United NationsDepartment of Economic and Social Affairs Sustainable Development

Nauru

Remarks of H.E. Baron Divavesl Waqa
PRESIDENT OF NAURU
For the UNITED NATIONS OCEANS CONFERENCE:
Partnership dialogue 5: Increasing economic benefits to small island developing States and least developed
countries and providing access for small-scale artisanal fishers to marine resources and markets
Wednesday, 7 June, 2017, 3:00PM-5:00PM
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• Distinguished Co-Chairs, Excellencies, Ladies and Gentlemen, before I begin my remarks I draw your
attention to a photograph that has been distributed across the room. The photo is of our island, the
Republic of Nauru. The whole of our land territory is depicted in the four comers of this picture, while our
ocean territory stretches to the horizon. We have distributed this photograph to give to you a sense of the
importance of the ocean to our island, and to our economy, and to give you a sense of the challenges that
we face.
• At the heart of this partnership dialogue are two key points for our delegation: 1) Nauru as a small island
developing State ("SIDS") faces significant and unique sustainable development challenges, due to our
small population, diseconomy of scale, limited natural resources, exposure to extreme weather events that
are exacerbated by climate change, and over-dependence on foreign imports; and 2) the Ocean is Life,
and our people rely heavily on the Ocean for subsistence living as well as economic gain, including our
small-scale artisanal fishers. Increasing economic benefits from the sustainable use of the Ocean and its
resources for Nauru will require addressing the unique sustainable development challenges of SIDS,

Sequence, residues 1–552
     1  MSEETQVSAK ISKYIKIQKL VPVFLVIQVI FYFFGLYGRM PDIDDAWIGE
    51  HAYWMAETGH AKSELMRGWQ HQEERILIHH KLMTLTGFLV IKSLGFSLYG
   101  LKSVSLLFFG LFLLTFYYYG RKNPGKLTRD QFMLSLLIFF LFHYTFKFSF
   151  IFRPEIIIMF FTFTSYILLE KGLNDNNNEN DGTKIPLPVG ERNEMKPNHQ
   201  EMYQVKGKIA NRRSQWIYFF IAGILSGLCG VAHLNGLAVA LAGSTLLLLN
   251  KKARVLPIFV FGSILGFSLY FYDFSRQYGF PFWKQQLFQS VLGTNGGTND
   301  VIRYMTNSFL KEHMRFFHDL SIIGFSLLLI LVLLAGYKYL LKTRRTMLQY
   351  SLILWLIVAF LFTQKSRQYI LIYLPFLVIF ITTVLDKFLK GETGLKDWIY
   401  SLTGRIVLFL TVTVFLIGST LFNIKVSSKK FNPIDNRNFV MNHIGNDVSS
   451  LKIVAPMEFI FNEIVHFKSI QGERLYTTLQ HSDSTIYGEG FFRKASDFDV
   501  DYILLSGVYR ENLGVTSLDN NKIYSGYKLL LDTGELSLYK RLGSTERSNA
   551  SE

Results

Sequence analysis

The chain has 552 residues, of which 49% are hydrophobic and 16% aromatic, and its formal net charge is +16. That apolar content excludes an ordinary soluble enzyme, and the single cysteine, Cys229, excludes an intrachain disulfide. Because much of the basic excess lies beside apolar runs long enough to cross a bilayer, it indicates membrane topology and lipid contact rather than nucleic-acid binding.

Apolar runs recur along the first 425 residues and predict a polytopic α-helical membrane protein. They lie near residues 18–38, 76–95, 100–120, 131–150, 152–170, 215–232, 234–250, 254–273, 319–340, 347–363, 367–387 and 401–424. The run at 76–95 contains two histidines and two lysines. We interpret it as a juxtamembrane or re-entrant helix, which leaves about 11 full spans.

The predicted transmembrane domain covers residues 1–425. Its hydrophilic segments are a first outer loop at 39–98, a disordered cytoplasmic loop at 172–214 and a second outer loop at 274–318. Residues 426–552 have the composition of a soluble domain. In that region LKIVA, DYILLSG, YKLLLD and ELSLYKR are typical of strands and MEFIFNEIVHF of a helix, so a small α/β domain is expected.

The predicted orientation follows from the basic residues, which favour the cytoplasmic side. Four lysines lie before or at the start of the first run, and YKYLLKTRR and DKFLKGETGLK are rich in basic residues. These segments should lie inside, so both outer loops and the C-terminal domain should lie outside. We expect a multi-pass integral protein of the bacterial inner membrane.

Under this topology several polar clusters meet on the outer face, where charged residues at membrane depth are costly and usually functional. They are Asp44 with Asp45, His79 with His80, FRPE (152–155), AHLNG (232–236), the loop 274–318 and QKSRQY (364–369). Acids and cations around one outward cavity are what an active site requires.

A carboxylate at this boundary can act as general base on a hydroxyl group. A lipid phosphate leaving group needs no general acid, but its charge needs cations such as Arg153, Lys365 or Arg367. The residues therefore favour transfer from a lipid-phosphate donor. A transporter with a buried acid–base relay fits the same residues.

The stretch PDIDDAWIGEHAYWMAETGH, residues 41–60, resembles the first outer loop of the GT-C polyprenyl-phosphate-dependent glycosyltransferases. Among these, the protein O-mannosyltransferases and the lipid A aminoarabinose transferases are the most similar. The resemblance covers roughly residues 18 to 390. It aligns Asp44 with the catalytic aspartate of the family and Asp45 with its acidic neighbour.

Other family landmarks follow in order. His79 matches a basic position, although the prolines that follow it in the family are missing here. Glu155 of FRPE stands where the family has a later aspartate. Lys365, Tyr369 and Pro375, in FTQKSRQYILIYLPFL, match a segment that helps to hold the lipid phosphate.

including those facing our small-scale artisanal fishers.
• For Nauru, our primary source of economic gain from the Ocean is fisheries. Through the Vessel Day
Scheme adopted and implemented by the Parties to the Nauru Agreement, Nauru and other Pacific SIDS
are able to regulate the exploitation of our tuna fish stocks in a sustainable manner while also generating
significant economic returns.
• However, our fisheries efforts are hampered because we labor under the imposition of a disproportionate
burden for conservation of our tuna stocks. Nauru supports effective conservation and management
measures for our tuna, but a// the countries that benefit from exploiting that tuna must shoulder a fair share
of the burden of conserving and managing the tuna stocks. Otherwise, this disproportionate burden taxes
already-constrained financial and technical capacities for Nauru, hampering our ability to properly benefit
from the sustainable use of our Ocean resources. We look to our partners to acknowledge this imposition
of disproportionate burden and commit to work through relevant regional and international fora to remove
the burden.
• One positive consequence of removing the disproportionate burden of conservation from Nauru is the
improvement of economic fortunes for our small-scale artisanal fishers. The artisanal fishing carried out by
our local communities are key to our food security, providing us with much of our protein nutritional needs.
The imposition of disproportionate burden is particularly troublesome because we already conserve and